“It’s basically yogurt,” I say, staring at him. I am stunned. I study his face to make sure he is serious. “Didn’t you look at the bottle?”

“No. I just grabbed something.”

“Yes, but after you poured it into the measuring cup and you noticed it wasn’t the right consistency, didn’t you look at the bottle to see what it was?” I am practically begging him to just tell me that he did. Haha, just kidding! Of course I read the label after realized it wasn’t milk!

He gets fidgety and defensive. “No! I don’t know… I mean, it was where the milk usually is.”

I look at him the same way I saw my mother once look at me the first time I had an ocular migraine. One of the symptoms is mild confusion, and I was mixing up my words hilariously. At that point, no one in my family knew what was going on, and my mother couldn’t help but laugh and tear up at the same time. This is really funny, but I’m scared because I don’t know what’s happening to my daughter. And this is how I look at Josh.

He has just grabbed an unfamiliar product from the fridge thinking it was milk, poured it into a measuring cup and realized it was not milk, and then proceeded to pour it into our food anyway without bothering to find out what it was.

I go to the fridge and pull out the bottle of kefir.

“Vanilla kefir,” I say, pointing to the part of the bottle that says both of these things.

“I figured it would be ok,” he responds, weakly.

At this point, I remind myself that Joshua has just done something incredibly nice for me. He has gotten up at the ass-crack of dawn to make me pancakes before I take a long journey home for what will probably be a very emotional visit. He is being a good, supportive boyfriend. Plus, the pancakes smell really awesome.

“I’m sure they’re fine,” I say, smiling.

“I’m sorry,” he says glumly.

“No, really! They’re probably fine.”

We eat, and Josh continues apologizing. He even texts me apologies after I leave.

They were, in fact, some of the best pancakes I’ve ever tasted.


When I tell my mom the pancake story later that day in the car on our way to the hospital, she does not laugh lightly as I expect her to.

“Oh, Shannon,” she says, shaking her head. “You cannot marry this man.”

This advice is unexpected.

“You think it’s cute now, but in 20 years it will drive you crazy,” she explains.

You see, my father also suffers from Selective Blindness. Growing up, I felt the ramifications of this most acutely when he, rather than my mother, did the grocery shopping.

“Aw, Dad. You got strawberry PopTarts. I asked for cherry.”

“What do you mean?” he’d say, puzzled. “They’re PopTarts.”

Now, I realize I was lucky not to end up with dog treats.

But my mom’s (half-joking) assertion nagged at me. That Josh’s inability to locate the stapler on the desk was indicative of a larger problem that would open up a sinkhole in our relationship sounded ridiculous, but not within the context how we, as a society, actually talk about our relationships and their potentials.

You often hear one partner’s behavior or quirk cited as a “red flag” or a “sign” that he or she is not actually the “right person” for you. He forgot to get you a card for Valentine’s Day? That’s a sign that he isn’t thoughtful and deep down, doesn’t think you’re special. She gets prickly when you ask her about her career goals? That’s an indication that she’s terminally insecure. He cancels a date to finish a big project at the office? He clearly doesn’t put your relationship first. She can’t text you back in a timely manner? She’s definitely cheating on you.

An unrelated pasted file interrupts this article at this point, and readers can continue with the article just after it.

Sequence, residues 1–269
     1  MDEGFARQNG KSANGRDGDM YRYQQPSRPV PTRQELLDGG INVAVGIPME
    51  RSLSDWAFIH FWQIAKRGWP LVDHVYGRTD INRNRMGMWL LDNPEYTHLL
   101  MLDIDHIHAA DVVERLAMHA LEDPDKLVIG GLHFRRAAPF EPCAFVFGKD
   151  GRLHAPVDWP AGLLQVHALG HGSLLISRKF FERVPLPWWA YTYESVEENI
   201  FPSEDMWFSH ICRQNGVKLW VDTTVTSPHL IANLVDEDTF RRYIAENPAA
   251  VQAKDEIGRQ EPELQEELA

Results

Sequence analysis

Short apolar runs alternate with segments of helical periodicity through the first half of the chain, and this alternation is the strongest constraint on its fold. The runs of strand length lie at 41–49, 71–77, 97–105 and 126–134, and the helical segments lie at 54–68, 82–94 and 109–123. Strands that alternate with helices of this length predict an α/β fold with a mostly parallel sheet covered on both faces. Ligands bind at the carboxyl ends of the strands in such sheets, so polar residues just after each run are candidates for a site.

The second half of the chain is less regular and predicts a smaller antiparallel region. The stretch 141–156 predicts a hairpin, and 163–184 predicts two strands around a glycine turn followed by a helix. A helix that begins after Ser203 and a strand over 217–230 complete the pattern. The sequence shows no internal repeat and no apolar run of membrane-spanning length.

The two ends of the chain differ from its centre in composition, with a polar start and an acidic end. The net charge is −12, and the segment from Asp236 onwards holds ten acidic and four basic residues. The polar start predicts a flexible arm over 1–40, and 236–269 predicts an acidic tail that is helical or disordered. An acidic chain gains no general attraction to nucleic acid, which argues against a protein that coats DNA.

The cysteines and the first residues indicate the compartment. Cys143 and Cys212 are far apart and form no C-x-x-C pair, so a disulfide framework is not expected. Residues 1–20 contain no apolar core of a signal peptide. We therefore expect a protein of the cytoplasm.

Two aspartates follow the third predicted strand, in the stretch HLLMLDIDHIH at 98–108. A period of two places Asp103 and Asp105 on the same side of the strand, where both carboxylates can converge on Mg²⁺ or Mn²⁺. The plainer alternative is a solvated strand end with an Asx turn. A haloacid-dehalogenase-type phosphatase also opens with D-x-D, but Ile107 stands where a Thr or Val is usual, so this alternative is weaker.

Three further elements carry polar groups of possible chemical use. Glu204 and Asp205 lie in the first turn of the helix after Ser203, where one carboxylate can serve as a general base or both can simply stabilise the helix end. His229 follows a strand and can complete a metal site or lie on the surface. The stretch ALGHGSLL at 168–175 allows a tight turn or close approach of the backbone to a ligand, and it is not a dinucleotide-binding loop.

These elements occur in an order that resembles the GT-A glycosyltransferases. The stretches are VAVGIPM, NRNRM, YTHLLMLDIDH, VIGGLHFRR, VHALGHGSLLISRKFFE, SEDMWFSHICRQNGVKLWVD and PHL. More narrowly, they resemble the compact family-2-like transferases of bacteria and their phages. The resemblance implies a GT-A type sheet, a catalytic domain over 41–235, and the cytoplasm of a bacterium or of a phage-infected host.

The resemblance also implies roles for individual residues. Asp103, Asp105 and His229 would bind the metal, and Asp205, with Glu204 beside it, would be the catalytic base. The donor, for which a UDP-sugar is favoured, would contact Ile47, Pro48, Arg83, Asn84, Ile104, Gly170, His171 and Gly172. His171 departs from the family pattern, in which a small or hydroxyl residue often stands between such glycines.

We love this shit− this “relationship symbology”. We love picking out the flaws and momentary lapses in judgment and blowing them up into rules and reasons why this person will or will not be the “right” long-term mate. This is an epidemic in magazine culture, especially with women’s publications. Every other article and quiz strums at and ultimately feeds this tendency: How To Tell If He’s Really Committed! (He lets you leave a toothbrush at his place!) Is He Really Interested? 5 Ways He Says It Without Saying It (He uses emoticons when texting and emailing!) These purported cause-and-effect relationships are ludicrous, yet we consume them like Halloween candy and spend hours searching for and theorizing about them in our own lives.

Look, I am not saying there aren’t valid warning signs. Like if he tortures animals, or the only way she can enjoy sex is if you’re being beaten unconscious with a mace (and you’re not into that), or he refuses to meet your parents and always comes home with used condoms in his pockets, then you’re probably safe assuming that these are endemic problems that have wider and deeper implications. But when he forgets to water your plant when you go away for the weekend…? Maybe ease up on the fortune telling and don’t jump to the conclusion that he’ll forget your future children in the bathtub.

I am not above this domestic astrology, I admit. Many a time, especially during fights, I have grabbed on to something my significant other has done/said and thought, “This means we’re not meant to be together.” which completely ignores the fact that I don’t even believe that anyone is “meant” to be together! I fall into the trap. I look for these relationship omens, these harbingers of future joy or dissolution.

And I do it because I, like most of us, want to know the future. I want to know if someday he’s going to break my heart. I want to know if we’ll get married and be happy or get married and be miserable. I chase after these things as if they exist, already fulfilled, behind a veil somewhere that I can’t quite reach to sweep aside. But that’s totally wrong, isn’t it? Because I can’t know which of these things will happen because they can’t happen unless I do them. The answer is not “out there” somewhere; it’s being created moment by moment as I live my life.

That’s hard to swallow, but it’s true. Sometimes that makes me feel like I have been stripped of all direction; other times, it makes me feel powerful. No small detail, no innocuous idiosyncrasy or one-time aberration in my relationship plainly exposes its inherent “rightness” or “wrongness” for me. There isn’t even a definite right or wrong; there are only choices.

Sometimes a pancake is just a pancake. Thought Catalog Logo Mark

image – Danielle Moler